10 July 2017
being careful to keep the AC mains insulated and safely
away from anything that might abrade the insulation. That
should work well.
Arduinos and LEDs — Redux
QI once came across a minimal component design with an ATtiny and LED without a resistor and had the same question as Mike in the February column: Wouldn’t this burn up the
microcomputer? I don’t think 20 mA is a current-limited
output; it’s the safe maximum current without converting
the driver transistors into fuses. The datasheet does have
the answer in the Pin Driver Strength graph showing output
source/sink voltage vs. current (the graph stops at 20 mA,
i.e., is not a knee).
AI have actually received a couple of responses like this. My assertion was that the outputs are current limited and well protected. Who knows, I might be wrong. There’s nothing like
an experiment to try to answer such a question. I have a
bunch of LEDs in my parts box and an Arduino that I’m
willing to sacrifice to the cause! I also have an infrared
thermometer that I can use to see how much the part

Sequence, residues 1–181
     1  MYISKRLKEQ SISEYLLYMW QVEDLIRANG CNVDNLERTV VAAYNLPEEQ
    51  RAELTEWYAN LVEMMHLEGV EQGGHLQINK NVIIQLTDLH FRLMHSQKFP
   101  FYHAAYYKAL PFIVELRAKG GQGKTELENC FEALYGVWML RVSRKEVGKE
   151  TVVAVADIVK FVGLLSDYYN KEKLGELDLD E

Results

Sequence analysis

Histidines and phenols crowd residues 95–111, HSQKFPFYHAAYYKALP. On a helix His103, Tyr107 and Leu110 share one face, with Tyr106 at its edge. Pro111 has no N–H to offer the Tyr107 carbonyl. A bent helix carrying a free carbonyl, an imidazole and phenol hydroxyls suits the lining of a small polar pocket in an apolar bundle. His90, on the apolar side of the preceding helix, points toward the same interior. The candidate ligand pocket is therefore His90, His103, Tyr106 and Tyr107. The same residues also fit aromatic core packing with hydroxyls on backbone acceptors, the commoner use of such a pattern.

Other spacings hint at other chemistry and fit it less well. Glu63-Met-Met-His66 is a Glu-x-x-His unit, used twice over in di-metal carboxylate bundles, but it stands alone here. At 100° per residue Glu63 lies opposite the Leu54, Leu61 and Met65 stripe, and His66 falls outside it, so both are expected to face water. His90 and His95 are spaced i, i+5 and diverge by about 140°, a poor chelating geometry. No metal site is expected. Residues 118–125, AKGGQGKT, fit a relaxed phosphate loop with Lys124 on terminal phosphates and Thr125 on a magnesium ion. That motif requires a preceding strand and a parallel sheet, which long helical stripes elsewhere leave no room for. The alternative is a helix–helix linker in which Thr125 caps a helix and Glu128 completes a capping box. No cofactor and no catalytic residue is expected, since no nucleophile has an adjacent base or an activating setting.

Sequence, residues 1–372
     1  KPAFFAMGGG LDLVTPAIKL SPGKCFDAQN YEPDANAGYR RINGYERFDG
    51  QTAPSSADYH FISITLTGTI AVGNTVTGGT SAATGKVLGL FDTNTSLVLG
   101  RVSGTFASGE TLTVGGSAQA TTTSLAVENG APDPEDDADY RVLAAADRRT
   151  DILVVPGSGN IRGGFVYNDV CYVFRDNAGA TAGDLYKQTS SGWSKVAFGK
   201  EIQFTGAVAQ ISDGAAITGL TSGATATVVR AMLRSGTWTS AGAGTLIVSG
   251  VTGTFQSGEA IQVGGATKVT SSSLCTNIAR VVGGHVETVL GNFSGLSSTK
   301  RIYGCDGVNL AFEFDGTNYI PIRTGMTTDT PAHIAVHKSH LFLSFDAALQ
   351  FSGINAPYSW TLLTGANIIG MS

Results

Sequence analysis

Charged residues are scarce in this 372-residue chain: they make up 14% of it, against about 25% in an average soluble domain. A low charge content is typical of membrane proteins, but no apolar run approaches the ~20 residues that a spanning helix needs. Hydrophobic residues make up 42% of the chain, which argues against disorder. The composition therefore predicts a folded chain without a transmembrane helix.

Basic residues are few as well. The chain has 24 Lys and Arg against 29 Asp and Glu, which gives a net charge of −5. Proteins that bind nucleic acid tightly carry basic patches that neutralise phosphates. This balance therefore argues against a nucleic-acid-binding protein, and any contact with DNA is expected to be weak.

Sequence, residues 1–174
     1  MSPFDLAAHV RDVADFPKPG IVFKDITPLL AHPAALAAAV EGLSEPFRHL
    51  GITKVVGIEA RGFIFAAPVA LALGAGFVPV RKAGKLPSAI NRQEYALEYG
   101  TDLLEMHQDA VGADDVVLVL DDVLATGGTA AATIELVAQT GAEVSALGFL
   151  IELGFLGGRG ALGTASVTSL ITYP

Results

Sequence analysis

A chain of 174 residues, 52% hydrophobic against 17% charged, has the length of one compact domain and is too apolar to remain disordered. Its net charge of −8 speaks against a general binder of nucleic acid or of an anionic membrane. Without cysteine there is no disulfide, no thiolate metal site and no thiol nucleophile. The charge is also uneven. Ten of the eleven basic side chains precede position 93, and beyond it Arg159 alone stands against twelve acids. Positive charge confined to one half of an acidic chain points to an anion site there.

might heat up. Let’s see what happens.
I propose an experiment where I try to find the lowest
voltage/highest current LED in my parts box and turn it on
for an extended period of time using the Arduino. I have a
spare Arduino Mega that I’m not using at the moment. I’ll
also try to measure the current. With the thermometer, I’ll
see if the part or the LED heats up beyond a reasonable
temperature for the devices in question. Here we go.
I wrote a couple of lines of Arduino code to make
pin 6 an output and high, and began the experiment by
letting the Arduino board’s temperature stabilize in that
configuration. I took a reading of the Atmel device’s
temperature with the infrared thermometer. I then
downloaded the code and measured the voltage on pin
6 with no load. The starting values were 86˚F and 4.98V.
Those are the nominal values.
Next, I stuck the LED anode into the pin 6 header.
I used a clip lead to connect the cathode to my digital
ammeter, and the LED came on nice and bright blue.
Measuring the current, it was 44 mA. That’s not bad for
this device. I then reconfigured the meter to measure
the voltage with the LED in-circuit, and it was 3.46V.
That’s about what I expected. It seemed to be working as
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